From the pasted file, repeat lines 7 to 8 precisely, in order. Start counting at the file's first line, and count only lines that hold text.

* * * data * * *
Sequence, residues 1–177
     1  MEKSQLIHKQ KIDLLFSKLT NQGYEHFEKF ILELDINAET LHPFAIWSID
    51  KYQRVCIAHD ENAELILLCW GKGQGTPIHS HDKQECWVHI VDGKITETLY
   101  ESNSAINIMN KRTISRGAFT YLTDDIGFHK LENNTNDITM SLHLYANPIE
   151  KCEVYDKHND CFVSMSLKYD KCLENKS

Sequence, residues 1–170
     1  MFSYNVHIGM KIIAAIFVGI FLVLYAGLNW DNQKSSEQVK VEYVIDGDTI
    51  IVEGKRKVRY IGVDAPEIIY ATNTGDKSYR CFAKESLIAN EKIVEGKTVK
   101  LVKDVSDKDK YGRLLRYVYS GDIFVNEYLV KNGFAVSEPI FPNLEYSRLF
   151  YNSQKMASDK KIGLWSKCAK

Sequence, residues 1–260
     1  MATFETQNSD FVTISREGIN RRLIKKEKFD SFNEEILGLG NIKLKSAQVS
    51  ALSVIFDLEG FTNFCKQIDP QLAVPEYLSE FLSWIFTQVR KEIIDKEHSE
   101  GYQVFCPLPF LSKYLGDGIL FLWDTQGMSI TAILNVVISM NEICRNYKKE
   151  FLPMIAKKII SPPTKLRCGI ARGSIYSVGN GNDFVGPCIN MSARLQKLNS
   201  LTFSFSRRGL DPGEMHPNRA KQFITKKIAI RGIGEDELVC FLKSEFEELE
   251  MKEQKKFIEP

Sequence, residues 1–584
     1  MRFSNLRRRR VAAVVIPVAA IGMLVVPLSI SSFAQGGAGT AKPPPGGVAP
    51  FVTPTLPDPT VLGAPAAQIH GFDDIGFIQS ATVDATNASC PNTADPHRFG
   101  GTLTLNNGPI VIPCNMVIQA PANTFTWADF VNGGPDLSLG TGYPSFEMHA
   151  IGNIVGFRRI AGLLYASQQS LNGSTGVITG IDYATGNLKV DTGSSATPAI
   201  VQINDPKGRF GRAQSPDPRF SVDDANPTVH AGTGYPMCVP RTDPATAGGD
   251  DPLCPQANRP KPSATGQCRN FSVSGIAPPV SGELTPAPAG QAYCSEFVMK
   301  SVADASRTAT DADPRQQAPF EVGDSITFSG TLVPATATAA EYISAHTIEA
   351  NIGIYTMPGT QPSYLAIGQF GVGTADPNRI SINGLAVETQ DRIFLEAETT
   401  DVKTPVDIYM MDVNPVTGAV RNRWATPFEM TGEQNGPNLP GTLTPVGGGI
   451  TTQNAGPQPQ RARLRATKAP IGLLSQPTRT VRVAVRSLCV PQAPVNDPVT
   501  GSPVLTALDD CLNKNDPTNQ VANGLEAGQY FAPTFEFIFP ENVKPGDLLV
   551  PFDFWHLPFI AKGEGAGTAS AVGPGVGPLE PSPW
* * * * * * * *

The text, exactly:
     1  MFSYNVHIGM KIIAAIFVGI FLVLYAGLNW DNQKSSEQVK VEYVIDGDTI
    51  IVEGKRKVRY IGVDAPEIIY ATNTGDKSYR CFAKESLIAN EKIVEGKTVK